Scientists have discovered a large underground lake on Mars, 12 miles wide, trapped below an ice cap on the Red Planet’s southern pole.
For space science enthusiasts, this finding is a big deal, as scientists have long been searching for evidence of liquid water sloshing around on Mars. Not only that, but this lake is a tantalizing find for those curious about life beyond Earth. We already know that some forms of microbial life can thrive in Earth’s sub-glacial environments. According to researchers, the latest discovery on Mars raises the question as to whether the salty, sediment-heavy waters on Mars could also provide a suitable habitat for life — either now or in the past.
“This thrilling discovery is a highlight for planetary science and will contribute to our understanding of the evolution of Mars, the history of water on our neighbor planet and its habitability,” says Dmitri Titov, the European Space Agency’s Mars Express project scientist in a news release.
About a mile underneath layers of dust and ice, the ESA’s Mars Express used radar signals to discover the liquid lake. Scientists have long known that water was once present on Mars, because orbiting spacecraft captured clear images of dried-out river valleys and large outflow channels. Another hint? Minerals were found on the martian surface that could only form in the presence of liquid water.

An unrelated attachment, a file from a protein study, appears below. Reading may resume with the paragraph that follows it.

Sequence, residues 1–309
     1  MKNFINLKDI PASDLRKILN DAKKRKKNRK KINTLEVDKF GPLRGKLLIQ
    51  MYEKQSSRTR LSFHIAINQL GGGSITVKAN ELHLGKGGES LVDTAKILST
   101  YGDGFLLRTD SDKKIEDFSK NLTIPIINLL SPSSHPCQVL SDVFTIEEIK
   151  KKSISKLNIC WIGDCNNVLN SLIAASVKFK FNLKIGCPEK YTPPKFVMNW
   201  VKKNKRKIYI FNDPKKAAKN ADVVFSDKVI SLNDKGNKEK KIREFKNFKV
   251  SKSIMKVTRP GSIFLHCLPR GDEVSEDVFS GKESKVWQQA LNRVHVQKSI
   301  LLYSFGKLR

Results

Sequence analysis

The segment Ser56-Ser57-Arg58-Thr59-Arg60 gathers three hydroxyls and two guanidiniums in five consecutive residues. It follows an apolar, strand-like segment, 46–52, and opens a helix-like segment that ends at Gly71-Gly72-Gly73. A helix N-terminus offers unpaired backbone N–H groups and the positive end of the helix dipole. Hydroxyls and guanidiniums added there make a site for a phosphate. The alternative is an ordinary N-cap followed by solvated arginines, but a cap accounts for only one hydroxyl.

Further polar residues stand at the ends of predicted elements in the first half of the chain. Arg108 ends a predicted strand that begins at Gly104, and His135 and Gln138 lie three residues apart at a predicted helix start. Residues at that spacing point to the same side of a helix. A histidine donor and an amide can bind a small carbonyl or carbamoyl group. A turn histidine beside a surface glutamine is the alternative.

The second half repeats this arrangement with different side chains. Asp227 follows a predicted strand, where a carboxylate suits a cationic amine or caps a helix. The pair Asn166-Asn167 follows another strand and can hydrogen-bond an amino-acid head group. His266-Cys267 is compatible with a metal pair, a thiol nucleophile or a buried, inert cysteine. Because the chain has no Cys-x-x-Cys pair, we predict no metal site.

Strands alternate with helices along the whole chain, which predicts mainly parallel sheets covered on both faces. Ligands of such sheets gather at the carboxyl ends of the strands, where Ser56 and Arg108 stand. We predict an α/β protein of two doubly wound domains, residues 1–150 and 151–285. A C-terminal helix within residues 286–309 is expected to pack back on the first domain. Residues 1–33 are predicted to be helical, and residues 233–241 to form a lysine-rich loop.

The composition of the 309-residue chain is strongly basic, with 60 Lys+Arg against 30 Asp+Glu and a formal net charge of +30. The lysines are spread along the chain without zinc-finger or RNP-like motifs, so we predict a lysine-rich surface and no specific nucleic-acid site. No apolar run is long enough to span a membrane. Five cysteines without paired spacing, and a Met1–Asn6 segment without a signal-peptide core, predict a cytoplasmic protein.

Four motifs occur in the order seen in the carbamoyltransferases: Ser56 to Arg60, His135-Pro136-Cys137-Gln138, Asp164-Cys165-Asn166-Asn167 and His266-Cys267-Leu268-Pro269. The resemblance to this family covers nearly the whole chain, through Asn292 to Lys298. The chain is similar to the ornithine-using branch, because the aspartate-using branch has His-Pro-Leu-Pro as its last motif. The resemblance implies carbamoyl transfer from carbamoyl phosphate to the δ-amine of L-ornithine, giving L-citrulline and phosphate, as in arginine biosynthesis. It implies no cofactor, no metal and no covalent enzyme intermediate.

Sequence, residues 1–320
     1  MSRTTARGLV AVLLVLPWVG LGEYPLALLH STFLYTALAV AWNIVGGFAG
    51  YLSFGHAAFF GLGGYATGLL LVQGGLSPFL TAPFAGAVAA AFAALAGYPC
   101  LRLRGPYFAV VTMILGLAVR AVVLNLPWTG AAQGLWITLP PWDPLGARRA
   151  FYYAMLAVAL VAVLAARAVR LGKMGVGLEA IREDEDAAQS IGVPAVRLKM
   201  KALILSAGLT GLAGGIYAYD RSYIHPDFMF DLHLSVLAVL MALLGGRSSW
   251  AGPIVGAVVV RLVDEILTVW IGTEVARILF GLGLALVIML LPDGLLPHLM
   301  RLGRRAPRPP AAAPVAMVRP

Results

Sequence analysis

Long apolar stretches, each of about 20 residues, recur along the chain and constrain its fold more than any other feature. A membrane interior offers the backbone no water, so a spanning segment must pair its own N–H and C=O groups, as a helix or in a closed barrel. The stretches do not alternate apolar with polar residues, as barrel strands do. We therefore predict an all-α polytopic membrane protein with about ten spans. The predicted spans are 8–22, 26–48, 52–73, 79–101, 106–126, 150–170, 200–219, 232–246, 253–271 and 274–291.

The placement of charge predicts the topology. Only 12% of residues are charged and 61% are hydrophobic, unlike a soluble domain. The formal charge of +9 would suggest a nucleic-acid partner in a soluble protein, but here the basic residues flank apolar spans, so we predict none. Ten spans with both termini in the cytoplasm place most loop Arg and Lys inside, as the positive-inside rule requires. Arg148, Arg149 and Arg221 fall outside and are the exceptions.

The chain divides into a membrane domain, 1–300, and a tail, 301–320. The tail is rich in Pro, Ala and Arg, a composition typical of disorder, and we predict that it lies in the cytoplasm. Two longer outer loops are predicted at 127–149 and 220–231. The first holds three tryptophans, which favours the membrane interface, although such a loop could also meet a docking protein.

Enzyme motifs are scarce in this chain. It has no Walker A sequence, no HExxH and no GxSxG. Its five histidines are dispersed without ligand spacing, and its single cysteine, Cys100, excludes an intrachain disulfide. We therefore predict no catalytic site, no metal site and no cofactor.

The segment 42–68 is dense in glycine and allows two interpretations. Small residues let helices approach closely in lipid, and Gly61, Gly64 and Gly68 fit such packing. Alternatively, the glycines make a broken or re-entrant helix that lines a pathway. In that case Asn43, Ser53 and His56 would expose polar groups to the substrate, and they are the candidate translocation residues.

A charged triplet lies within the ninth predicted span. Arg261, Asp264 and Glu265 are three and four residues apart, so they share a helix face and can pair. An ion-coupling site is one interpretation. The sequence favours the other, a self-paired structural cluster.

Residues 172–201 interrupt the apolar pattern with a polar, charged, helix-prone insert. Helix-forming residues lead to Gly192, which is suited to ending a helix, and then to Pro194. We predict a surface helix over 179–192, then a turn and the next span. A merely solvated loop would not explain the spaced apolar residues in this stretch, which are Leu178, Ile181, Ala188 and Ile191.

But over the course of 4.6 billion years, the climate has changed on Mars, making it impossible for liquid water to exist on the planet’s dusty surface. Mars’ thin atmosphere has locked most of its water up in ice. So scientists began probing underground. They used the Mars Advanced Radar for Subsurface and Ionosphere Sounding (MARSIS) instrument at the polar ice cap, because the melting point of water decreases under the pressure of glacier caps.
Now, scientists are interested in finding more underground pools of water.
“This is just one small study area; it is an exciting prospect to think there could be more of these underground pockets of water elsewhere, yet to be discovered,” says Roberto Orosei, principal investigator of the MARSIS experiment and lead author of the paper published in the journal Science.
Fascinating indeed! And, while cliche, this could very well be just the tip of the iceberg.